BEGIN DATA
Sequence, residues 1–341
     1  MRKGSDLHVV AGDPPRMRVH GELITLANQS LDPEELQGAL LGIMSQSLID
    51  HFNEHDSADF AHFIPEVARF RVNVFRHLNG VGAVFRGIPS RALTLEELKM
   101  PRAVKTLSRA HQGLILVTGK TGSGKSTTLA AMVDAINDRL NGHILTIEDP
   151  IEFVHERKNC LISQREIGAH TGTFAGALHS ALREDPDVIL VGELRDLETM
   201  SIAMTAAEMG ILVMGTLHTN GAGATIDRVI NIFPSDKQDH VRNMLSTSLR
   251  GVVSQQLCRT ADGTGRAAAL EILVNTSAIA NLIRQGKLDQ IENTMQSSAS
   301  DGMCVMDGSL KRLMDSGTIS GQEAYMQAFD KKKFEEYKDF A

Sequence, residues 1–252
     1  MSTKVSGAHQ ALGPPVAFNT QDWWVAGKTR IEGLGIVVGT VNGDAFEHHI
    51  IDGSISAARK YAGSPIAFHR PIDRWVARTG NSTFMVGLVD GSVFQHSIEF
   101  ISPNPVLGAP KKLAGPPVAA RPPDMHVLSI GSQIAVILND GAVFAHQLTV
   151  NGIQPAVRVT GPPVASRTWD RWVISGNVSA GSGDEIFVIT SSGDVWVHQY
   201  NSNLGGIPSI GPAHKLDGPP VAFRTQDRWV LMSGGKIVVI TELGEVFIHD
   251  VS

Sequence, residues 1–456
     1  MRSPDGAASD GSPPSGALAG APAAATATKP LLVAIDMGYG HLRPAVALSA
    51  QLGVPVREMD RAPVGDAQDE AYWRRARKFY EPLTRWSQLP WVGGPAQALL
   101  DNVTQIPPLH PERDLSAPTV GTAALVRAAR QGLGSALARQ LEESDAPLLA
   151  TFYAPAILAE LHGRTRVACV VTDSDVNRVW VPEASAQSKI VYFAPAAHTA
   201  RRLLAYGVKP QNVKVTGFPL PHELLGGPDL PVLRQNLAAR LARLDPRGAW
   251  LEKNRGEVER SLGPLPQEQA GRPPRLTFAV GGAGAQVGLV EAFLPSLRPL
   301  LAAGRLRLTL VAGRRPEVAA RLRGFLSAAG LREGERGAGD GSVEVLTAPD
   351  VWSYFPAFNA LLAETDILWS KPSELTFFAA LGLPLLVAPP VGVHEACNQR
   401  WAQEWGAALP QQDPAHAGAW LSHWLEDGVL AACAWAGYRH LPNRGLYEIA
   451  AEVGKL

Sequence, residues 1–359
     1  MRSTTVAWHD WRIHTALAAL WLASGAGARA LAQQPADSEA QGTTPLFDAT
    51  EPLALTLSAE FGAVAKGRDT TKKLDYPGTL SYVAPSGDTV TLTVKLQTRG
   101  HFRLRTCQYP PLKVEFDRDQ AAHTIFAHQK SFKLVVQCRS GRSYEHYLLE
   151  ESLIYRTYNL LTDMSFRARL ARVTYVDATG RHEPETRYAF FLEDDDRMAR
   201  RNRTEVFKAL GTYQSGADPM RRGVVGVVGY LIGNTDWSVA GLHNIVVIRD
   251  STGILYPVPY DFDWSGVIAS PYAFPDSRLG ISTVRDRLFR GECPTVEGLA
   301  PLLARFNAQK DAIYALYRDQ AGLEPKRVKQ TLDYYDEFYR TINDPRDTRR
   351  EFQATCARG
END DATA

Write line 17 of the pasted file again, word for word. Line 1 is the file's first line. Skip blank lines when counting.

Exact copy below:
     1  MRSPDGAASD GSPPSGALAG APAAATATKP LLVAIDMGYG HLRPAVALSA